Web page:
membership

 

The church is Jesus’ idea. He died for his church (Ephesians 5:25); he is building his church (Matthew 16:18); and, therefore, he intimately identifies with it (Acts 9:4). As a result, at Kew Baptist Church we think church membership is very important.

Indeed, while the precise word “membership” is not in the Bible, the New Testament assumes that all Christians will be committed to particular gatherings of other Christians – local churches. The apostle Paul, for example, mentions a list of widows supported by one local church (1 Timothy 5:9-16); while he tells another local church to exclude someone from their number because they had brought shame on the name of Jesus by living so immorally (1 Corinthians 5); he then asks that same church to reinstate someone when ‘the majority’ reproved him (2 Corinthians 2:6). All of this language would imply that the church knew itself to be a clearly defined group.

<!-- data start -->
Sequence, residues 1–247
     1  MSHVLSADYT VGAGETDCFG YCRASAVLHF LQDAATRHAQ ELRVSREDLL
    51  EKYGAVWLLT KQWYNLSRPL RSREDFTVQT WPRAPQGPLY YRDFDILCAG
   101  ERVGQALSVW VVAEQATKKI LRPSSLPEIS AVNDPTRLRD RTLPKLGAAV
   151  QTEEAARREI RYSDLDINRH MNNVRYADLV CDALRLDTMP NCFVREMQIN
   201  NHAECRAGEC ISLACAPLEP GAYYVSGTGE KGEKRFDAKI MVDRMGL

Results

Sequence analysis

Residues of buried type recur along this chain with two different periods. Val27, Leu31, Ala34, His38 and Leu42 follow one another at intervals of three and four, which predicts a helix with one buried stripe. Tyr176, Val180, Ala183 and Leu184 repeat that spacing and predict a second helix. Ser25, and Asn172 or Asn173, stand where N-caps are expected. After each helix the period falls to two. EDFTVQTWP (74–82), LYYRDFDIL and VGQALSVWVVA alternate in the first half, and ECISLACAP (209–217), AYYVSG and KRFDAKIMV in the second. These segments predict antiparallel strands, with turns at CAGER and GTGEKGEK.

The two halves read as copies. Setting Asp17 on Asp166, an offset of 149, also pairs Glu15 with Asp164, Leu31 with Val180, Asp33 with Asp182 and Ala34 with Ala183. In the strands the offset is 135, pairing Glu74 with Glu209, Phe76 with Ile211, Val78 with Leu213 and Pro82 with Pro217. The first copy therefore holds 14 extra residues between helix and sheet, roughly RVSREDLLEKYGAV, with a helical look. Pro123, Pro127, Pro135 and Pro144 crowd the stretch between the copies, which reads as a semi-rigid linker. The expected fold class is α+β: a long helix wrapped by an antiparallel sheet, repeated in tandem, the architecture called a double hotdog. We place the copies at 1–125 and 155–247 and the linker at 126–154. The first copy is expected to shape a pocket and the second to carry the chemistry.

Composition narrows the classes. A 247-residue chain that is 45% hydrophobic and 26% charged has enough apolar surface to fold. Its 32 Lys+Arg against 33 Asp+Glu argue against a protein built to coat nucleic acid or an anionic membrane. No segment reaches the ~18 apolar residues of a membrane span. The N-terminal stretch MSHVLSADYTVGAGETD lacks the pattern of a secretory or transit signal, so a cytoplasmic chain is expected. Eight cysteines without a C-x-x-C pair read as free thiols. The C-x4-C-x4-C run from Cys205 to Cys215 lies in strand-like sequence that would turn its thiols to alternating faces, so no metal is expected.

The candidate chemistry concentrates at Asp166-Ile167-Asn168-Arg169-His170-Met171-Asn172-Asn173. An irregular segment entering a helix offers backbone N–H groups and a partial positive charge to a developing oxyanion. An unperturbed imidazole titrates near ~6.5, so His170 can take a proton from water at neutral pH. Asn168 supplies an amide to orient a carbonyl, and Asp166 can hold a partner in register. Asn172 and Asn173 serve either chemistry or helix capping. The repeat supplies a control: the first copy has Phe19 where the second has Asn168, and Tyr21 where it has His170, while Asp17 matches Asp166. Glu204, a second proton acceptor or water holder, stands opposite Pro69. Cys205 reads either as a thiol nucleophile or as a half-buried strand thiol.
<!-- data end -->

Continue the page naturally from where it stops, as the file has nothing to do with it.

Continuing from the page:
Most importantly, perhaps, is the fact that church membership reminds us that the Christian life is not an individual pursuit, but a corporate one. Christians are saved individually, by faith, but they live out their faith together. Church membership allows Christians to humbly submit themselves to other believers. It permits other Christians to patiently warn others if someone starts to wander from God. Church membership also reminds Christians to pray for and disciple others. Church membership particularly helps church leaders, too, as it helps those, who are called to account for the local flock entrusted to them (Acts 20:28; Hebrews 13:17), to know for whom they are primarily caring. Finally, church membership helps non-Christians to witness loving relationships through genuine commitments that cross ethnic and generational boundaries. Jesus said, “By this all men will know that you are my disciples, if you love one another” (John 13:35).

At Kew Baptist Church we welcome into membership anyone who demonstrates repentance of sin and faith in Jesus Christ for salvation, displayed publically through baptism; and who is committed to being part of our church family, practically displayed by supporting our Statement of Faith and Church Covenant.